Long-delayed plans to construct a comfort station at Bayside’s Little Bay Park are back on track after seven years of derailment, officials said.
The bidding process for the capital project has begun and will last until July 31, said a spokesperson for the city’s Parks Department. While the spokesperson said a construction time line will only be available after all bids are received and evaluated, State Senator Tony Avella said he expects shovels to hit the ground by the end of the year.
“After years of bureaucratic delays, I am pleased that this project is finally moving forward,” Avella said. “It is a real shame that a great park like Little Bay Park, which has what I consider the best dog run in the entire city, does not have a comfort station.”
The senator rallied with Bayside community activists and residents last November to urge the Parks Department to begin the revitalization project. Avella, who previously allocated funding for a dog run in the park, apportioned $1.3 million for the public restrooms seven years ago at the same time Congressmember Gary Ackerman secured a $4.1 million federal transportation allocation to reconstruct and expand the Little Bay parking lot and rebuild the Cross Island Parkway bridge overpass at 212th Street.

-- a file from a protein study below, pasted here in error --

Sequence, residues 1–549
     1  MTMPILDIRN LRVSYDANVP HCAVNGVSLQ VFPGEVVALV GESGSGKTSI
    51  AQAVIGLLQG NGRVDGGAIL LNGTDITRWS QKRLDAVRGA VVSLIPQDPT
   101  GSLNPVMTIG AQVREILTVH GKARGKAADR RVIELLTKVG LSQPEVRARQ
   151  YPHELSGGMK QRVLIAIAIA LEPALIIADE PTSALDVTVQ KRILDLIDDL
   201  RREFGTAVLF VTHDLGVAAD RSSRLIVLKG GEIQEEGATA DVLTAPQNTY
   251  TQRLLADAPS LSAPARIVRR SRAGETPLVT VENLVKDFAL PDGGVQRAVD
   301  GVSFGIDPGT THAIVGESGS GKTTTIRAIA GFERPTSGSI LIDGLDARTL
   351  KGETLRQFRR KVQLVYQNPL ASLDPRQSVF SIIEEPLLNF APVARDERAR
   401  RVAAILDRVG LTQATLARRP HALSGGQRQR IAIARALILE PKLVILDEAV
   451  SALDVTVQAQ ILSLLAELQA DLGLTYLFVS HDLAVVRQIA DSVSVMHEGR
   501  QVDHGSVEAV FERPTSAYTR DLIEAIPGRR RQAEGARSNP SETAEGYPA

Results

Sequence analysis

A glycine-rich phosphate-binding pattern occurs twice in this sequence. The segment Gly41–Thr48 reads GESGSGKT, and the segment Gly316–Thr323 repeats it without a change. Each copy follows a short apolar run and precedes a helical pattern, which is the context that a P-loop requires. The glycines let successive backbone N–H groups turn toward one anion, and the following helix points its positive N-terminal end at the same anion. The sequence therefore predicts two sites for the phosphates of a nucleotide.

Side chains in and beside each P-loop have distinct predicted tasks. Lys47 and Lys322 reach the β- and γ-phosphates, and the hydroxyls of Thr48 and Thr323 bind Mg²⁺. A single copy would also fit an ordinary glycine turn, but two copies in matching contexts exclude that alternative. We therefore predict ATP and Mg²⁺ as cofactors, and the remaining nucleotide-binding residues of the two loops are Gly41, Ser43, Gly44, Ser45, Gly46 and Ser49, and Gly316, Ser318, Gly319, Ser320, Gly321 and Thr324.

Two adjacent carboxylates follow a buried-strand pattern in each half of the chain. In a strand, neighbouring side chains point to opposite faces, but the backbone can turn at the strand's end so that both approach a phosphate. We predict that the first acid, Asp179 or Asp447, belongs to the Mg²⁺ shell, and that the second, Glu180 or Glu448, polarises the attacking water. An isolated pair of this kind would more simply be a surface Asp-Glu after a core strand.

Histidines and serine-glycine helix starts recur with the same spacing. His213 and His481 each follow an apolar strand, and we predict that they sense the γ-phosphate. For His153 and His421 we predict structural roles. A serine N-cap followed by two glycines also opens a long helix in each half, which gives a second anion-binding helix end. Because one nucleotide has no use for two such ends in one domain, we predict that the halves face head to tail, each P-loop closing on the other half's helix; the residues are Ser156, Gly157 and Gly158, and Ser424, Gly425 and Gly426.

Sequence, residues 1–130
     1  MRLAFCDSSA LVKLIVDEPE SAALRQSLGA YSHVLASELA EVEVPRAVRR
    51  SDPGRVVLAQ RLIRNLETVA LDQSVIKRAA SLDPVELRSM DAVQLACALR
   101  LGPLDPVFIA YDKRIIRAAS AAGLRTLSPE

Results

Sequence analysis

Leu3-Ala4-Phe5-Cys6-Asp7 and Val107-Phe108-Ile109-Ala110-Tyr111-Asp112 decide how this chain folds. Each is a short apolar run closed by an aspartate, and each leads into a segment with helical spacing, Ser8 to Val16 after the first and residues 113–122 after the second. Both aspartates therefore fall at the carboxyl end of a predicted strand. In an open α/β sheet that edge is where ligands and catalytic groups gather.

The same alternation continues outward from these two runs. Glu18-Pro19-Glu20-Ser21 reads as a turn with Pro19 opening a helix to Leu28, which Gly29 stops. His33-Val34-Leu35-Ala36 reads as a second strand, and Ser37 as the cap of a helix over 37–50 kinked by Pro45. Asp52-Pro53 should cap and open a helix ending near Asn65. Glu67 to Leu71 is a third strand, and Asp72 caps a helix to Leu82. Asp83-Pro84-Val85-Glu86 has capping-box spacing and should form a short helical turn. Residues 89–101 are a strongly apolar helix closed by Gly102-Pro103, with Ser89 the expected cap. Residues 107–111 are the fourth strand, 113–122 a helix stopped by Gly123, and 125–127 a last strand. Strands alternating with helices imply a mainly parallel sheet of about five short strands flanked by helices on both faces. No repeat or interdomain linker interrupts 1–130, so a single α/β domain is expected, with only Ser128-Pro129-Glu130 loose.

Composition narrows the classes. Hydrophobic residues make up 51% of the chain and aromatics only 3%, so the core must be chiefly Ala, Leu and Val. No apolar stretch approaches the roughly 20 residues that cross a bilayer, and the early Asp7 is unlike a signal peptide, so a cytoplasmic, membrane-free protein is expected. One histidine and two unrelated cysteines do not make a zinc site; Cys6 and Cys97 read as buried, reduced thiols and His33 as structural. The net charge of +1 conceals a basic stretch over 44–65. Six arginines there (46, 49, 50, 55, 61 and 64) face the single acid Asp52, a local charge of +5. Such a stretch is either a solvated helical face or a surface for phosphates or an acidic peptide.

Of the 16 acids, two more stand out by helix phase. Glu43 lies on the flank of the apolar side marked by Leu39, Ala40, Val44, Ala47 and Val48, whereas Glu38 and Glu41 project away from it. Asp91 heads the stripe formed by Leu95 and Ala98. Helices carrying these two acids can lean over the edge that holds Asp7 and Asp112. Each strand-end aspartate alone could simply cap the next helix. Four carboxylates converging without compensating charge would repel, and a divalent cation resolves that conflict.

Neither project has commenced, and three port-a-potties are currently stationed in the park.
The project came to a pause after funding provided by the state’s Department of Transportation required additional review and time for comments, a Parks spokesperson said. The site’s coastal wetland location and the need for new sewer connections also called for the state’s Department of Environmental Conservation and city’s Department of Environmental Protection to provide approvals on design and construction documents. The agency said the funding was secure and had not been reallocated.
Warren Schreiber, president of the Bay Terrace Community Alliance, suspected the project slowed to a halt after the Parks Department bundled the $5.42 million in city and federal funds together — a move he said was “not a good business procedure.”
“For some reason, everything seemed to come to a stop,” he said. “I don’t think there was any wrongdoing or corruption in handling the funds. It just wasn’t handled properly.”
But a Parks spokesperson said combining city and federal grants was not unusual when funding municipal capital projects.
Schreiber also pushed for the agency to make Requests for Proposals available to the public to see if any changes have been made to the seven-year-old plan.
“It could still be at least another 18 months before we actually get to use the comfort station at that location,” he said.
— Additional reporting by Michael Pantelidis